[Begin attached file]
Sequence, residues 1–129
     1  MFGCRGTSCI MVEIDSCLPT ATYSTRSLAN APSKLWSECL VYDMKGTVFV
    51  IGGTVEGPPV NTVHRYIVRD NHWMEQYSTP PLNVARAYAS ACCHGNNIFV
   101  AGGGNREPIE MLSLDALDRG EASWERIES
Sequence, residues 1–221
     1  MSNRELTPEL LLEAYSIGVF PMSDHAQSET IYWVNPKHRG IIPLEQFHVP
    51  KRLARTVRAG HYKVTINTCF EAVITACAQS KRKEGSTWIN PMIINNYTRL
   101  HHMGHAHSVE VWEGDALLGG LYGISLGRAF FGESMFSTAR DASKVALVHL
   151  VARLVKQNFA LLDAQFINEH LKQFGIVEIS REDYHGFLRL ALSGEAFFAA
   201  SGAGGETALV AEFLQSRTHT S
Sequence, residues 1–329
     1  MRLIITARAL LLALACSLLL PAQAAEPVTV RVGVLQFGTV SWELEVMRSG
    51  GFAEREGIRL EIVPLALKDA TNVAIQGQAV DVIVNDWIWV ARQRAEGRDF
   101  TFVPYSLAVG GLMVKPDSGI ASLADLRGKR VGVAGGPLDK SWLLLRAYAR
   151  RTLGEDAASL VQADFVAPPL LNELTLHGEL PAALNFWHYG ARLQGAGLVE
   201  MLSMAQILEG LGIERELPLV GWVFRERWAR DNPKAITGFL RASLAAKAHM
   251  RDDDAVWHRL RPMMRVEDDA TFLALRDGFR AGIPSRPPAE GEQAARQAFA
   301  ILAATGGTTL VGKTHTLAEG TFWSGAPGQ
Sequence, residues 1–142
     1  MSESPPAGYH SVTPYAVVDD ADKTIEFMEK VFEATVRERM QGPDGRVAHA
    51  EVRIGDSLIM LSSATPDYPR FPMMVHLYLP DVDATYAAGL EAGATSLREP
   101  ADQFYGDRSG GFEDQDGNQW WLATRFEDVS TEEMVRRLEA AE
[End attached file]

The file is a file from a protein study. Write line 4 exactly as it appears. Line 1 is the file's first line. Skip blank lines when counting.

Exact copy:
   101  AGGGNREPIE MLSLDALDRG EASWERIES